Impact of Prosopis invasion on a keystone tree species in the Kalahari Desert

Publication Year:

Several Prosopis species have been introduced into South Africa in the last century many of which have become invasive. Here we determine the extent to which increased mortality of Acacia erioloba, a keystone species in the Kalahari, can be attributed to competition for water with Prosopis. We do this through a determination of canopy vitality, plant water stress and plant water source. We use a visual estimate to determine plant vitality. Plant water stress we determine through a combination of stable carbon isotope ratios and xylem pressure potentials and plant water source we determine using stable hydrogen and oxygen isotope ratios. Our results show that Prosopis abundance increases in the riparian zone and that there is a good correlation between increased Prosopis abundance and Acacia erioloba mortality. We show that both species are reliant on the same water resource in the riparian zone but that Acacia erioloba uses a deeper water source away from the river. We conclude that the decline in Acacia erioloba vitality at the river is related to competition for water with Prosopis. Our study gives strong support for the eradication of Prosopis from rivers in arid parts of Southern Africa.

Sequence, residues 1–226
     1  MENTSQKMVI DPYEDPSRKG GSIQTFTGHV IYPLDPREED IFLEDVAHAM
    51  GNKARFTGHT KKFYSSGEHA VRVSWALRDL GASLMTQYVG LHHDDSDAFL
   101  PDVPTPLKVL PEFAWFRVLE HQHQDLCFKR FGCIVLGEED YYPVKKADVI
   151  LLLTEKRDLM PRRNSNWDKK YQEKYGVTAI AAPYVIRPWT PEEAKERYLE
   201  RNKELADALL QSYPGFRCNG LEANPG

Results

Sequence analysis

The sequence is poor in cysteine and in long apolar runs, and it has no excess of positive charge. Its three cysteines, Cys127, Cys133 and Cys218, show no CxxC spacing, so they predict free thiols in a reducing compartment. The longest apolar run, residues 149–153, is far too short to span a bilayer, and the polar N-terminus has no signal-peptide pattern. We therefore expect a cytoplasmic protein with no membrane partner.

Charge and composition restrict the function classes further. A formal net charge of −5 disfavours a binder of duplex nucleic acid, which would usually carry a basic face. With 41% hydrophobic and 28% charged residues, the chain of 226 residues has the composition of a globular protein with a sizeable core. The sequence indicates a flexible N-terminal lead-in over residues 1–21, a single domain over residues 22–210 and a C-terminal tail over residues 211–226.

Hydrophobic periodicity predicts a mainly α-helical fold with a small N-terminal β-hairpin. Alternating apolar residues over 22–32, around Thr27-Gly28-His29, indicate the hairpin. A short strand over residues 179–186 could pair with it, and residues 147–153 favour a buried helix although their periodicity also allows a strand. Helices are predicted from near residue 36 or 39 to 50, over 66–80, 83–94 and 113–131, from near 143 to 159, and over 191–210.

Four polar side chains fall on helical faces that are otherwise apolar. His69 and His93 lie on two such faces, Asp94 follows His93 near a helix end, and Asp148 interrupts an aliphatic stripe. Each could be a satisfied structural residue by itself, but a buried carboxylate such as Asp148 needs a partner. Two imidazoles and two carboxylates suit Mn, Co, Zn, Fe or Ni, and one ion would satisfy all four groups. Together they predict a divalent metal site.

Keywords: Kalahari Desert, water access, alien invasive, keystone species, Acacia erioloba, Prosopis.

Publication Title:

Plant Ecology

Item Type:
Journal Article

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